680   Individual paper

Co-creation with stakeholders in the development of nanotechnologies

Author: Sikke Jansma
University of Twente, Netherlands, Netherlands

Within literature co-creation has been referred to as socially robust knowledge production (Gudowsky & Sotoudeh, 2017), product creation and development (Voorberg et al., 2015), and as the highest form of public engagement (Arnstein, 1969). Although co-creation increasingly gained attention within the domain of science and technology studies and science communication, little is known about how to effectively design co-creation processes.

The current research is a comparison of three co-creation sessions in the Netherlands on the development of nanotechnologies in health. Various types of stakeholders were present, including researchers, citizens, policymakers, CSOs, and business experts. Each co-creation sessions lasted 4,5 hours and was based on design thinking methodology (e.g., Yoo et al., 2013). The aim and thematic area differed per session, including: nanotechnologies for diabetes (product suggestions), sensor technologies for health (research lines), and policymaking for nanotechnology in health (policy recommendations). Every session was recorded, and after every session participants filled out a questionnaire. Based on the recordings and the questionnaires, the indicators ‘mutual trust and understanding’, ‘co-creation process’, and ‘outcomes’ were analyzed, and criteria for setting up an effective co-creation process were detracted.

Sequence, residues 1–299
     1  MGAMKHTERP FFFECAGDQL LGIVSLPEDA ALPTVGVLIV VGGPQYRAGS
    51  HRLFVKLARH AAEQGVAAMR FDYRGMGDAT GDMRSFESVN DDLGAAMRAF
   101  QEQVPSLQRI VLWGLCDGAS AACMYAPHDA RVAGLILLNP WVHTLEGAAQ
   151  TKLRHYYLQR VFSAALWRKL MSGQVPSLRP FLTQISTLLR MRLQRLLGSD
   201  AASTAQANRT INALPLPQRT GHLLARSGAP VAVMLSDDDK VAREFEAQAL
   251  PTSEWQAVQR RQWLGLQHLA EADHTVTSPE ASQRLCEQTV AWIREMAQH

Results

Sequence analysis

It proved essential to explore stakeholders’ needs during the preparation for having an in-depth discussion and come to specific outcomes. The more open the co-creation process was, the more difficult it was to detect a sense of ownership. Furthermore, there is a trade-off between inclusiveness and specific discussions; the latter leads to more relevant output, but for a smaller group of stakeholders. Some stakeholder emphasized the importance of including (potential) users rather than citizens in this regard. In order to come to added value for product and research development, one co-creation session was not sufficient, but a continuous dialogue is needed.

The study was conducted as part of the EU funded GoNano project (Grant Agreement n° 768622)

Co-author: Anne M. Dijkstra
University of Twente, Netherlands

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